“We’ve always thought — and I still do — that the value of a habit is you don’t have to think about it. It frees up your brain to do other things,” says Institute Professor Ann Graybiel, a member of the McGovern Institute for Brain Research at MIT. “However, it doesn’t free up all of it. There’s some piece of your cortex that’s still devoted to that control.”
As we’re all well aware, old habits die hard, and that’s because they are deeply wired into our brains. That’s great in some cases because it allows our brain to expend energy on other things while a habitual behavior, such as driving to work, occurs with very little thought required. But in other cases habits can wreak havoc with our lives, as with obsessive-compulsive disorder. And sometimes what was once a beneficial habit continues even though it no longer benefits us.
The MIT team simulated that scenario with rats trained to run a T-shaped maze. As the rats approached the decision point, they heard a tone indicating whether they should turn left or right. When they chose correctly, they received a reward — chocolate milk (for turning left) or sugar water (for turning right).
To show that the behavior was habitual, the researchers eventually stopped giving the trained rats any rewards, and found that they continued running the maze flawlessly. The researchers then offered the rats chocolate milk in their cages, but mixed it with lithium chloride, which causes light nausea. The rats still continued to run left when cued to do so, but they stopped drinking the chocolate milk.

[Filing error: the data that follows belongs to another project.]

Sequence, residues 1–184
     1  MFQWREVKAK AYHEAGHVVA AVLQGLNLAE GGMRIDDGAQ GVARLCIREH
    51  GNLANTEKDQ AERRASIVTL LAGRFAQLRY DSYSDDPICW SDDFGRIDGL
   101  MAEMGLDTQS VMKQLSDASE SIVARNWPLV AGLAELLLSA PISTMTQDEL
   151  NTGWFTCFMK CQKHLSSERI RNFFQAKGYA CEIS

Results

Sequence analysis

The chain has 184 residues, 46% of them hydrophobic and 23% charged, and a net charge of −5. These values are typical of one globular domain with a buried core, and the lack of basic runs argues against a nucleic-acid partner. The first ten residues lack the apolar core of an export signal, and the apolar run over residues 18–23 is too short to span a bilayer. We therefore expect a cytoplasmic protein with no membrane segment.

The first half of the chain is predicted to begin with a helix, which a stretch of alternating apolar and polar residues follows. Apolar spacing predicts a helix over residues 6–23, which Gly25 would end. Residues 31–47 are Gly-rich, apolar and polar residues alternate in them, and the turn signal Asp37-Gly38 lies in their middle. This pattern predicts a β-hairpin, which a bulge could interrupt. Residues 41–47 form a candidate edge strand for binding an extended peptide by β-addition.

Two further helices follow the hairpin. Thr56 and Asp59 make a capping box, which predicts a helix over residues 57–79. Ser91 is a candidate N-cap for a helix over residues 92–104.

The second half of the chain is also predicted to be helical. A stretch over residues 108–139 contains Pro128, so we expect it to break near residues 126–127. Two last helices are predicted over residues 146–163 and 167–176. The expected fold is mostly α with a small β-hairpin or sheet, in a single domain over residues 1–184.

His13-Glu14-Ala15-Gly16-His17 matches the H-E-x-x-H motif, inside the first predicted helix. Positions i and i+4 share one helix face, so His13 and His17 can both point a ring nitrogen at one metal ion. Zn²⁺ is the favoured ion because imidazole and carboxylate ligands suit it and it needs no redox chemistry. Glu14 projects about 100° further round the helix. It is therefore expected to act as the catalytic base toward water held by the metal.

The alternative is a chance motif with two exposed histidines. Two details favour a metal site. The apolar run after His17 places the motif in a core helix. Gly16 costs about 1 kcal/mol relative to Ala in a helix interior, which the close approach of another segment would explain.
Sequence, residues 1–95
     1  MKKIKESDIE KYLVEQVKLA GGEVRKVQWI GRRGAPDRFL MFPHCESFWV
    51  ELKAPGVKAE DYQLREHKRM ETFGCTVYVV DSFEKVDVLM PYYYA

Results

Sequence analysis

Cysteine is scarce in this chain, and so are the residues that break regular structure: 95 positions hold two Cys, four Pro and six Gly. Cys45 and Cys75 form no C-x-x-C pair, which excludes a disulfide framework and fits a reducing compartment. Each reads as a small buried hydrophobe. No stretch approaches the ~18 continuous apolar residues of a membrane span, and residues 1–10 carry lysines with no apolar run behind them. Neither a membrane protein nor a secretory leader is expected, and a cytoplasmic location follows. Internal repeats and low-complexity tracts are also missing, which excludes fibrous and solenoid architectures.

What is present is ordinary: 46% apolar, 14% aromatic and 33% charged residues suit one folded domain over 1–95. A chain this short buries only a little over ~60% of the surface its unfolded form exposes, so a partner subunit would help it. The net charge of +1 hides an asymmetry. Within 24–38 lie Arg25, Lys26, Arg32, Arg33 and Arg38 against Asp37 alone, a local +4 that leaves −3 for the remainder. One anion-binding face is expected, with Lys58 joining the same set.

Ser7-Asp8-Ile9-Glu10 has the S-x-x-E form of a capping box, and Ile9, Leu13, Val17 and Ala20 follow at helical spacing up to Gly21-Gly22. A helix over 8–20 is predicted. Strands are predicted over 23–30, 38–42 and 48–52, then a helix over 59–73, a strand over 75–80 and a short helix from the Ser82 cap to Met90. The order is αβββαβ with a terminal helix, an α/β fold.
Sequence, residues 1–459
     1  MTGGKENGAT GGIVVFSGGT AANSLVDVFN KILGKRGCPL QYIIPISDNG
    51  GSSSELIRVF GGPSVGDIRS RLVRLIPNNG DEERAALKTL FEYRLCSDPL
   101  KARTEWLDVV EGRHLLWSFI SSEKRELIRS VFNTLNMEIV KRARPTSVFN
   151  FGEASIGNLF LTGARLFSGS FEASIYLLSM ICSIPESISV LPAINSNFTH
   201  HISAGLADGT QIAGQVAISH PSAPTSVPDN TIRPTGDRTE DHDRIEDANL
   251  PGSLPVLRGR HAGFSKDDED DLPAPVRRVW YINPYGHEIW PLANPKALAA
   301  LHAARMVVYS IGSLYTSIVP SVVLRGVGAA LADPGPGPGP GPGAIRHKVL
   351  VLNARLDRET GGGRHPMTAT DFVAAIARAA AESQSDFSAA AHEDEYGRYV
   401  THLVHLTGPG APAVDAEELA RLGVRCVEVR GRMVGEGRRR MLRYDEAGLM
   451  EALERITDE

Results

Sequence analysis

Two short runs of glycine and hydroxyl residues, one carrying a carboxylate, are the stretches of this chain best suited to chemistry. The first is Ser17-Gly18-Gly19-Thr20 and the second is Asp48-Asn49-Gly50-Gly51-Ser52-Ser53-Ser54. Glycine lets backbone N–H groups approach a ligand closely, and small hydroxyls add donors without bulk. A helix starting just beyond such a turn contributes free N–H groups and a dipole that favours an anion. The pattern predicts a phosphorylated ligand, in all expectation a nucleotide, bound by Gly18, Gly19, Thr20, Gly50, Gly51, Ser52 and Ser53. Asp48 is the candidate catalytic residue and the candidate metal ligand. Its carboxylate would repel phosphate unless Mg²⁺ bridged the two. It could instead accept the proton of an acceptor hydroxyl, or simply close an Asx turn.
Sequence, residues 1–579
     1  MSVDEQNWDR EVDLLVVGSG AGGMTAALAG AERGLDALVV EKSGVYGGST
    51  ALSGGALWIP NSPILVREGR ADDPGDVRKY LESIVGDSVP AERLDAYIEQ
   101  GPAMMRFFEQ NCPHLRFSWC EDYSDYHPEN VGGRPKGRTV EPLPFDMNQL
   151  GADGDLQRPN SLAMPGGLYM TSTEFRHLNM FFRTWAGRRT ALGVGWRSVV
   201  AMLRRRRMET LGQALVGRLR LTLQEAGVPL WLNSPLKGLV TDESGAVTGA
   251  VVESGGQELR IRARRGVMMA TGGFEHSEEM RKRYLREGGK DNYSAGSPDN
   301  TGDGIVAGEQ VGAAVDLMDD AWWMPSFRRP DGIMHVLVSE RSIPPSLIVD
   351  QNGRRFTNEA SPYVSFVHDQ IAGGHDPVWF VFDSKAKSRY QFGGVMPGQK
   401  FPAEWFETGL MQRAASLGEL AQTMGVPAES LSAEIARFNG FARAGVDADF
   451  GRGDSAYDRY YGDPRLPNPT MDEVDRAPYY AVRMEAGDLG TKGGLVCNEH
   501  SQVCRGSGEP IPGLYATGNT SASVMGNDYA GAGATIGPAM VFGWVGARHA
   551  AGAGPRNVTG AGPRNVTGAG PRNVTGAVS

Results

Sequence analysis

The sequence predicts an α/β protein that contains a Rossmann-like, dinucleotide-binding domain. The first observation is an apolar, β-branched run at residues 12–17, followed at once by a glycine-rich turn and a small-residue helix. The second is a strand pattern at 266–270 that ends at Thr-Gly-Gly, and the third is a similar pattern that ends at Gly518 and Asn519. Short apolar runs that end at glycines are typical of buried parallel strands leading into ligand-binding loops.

Once they had shown that the habit was fully ingrained, the researchers wanted to see if they could break it by interfering with a part of the prefrontal cortex known as the infralimbic (IL) cortex. Although the neural pathways that encode habitual behavior appear to be located in deep brain structures known as the basal ganglia, it has been shown that the IL cortex is also necessary for such behaviors to develop.
Using optogenetics, a technique that allows researchers to inhibit specific cells with light, the researchers turned off IL cortex activity for several seconds as the rats approached the point in the maze where they had to decide which way to turn.